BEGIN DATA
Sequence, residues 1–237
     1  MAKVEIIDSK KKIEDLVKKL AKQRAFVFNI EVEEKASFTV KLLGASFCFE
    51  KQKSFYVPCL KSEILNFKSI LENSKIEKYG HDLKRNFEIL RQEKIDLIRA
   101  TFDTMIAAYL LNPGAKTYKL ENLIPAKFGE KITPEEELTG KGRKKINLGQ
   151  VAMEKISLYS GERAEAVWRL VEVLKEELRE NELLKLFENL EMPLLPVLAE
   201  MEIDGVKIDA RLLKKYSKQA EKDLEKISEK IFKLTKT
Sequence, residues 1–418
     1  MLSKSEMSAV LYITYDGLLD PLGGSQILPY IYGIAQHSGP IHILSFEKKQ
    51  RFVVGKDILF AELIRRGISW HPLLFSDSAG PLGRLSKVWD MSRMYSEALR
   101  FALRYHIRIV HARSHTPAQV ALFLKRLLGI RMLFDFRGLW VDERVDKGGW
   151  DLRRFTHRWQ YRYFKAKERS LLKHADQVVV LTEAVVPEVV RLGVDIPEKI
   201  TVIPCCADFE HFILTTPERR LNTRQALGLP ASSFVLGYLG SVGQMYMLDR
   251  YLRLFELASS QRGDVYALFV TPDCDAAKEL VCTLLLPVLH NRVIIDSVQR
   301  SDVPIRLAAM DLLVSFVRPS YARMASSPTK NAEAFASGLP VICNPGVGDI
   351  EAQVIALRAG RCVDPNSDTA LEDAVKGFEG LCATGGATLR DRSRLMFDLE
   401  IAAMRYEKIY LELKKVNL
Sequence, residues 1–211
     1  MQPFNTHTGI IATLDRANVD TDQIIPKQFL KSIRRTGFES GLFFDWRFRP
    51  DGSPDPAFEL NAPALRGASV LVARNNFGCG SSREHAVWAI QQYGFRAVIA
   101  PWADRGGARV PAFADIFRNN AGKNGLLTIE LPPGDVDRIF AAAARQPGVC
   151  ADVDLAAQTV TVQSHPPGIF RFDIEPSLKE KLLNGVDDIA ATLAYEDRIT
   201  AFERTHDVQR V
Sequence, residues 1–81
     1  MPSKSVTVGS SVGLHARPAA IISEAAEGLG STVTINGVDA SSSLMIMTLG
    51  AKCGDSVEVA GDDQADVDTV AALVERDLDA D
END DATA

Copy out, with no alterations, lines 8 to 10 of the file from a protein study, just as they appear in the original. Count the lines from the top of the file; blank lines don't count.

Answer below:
     1  MLSKSEMSAV LYITYDGLLD PLGGSQILPY IYGIAQHSGP IHILSFEKKQ
    51  RFVVGKDILF AELIRRGISW HPLLFSDSAG PLGRLSKVWD MSRMYSEALR
   101  FALRYHIRIV HARSHTPAQV ALFLKRLLGI RMLFDFRGLW VDERVDKGGW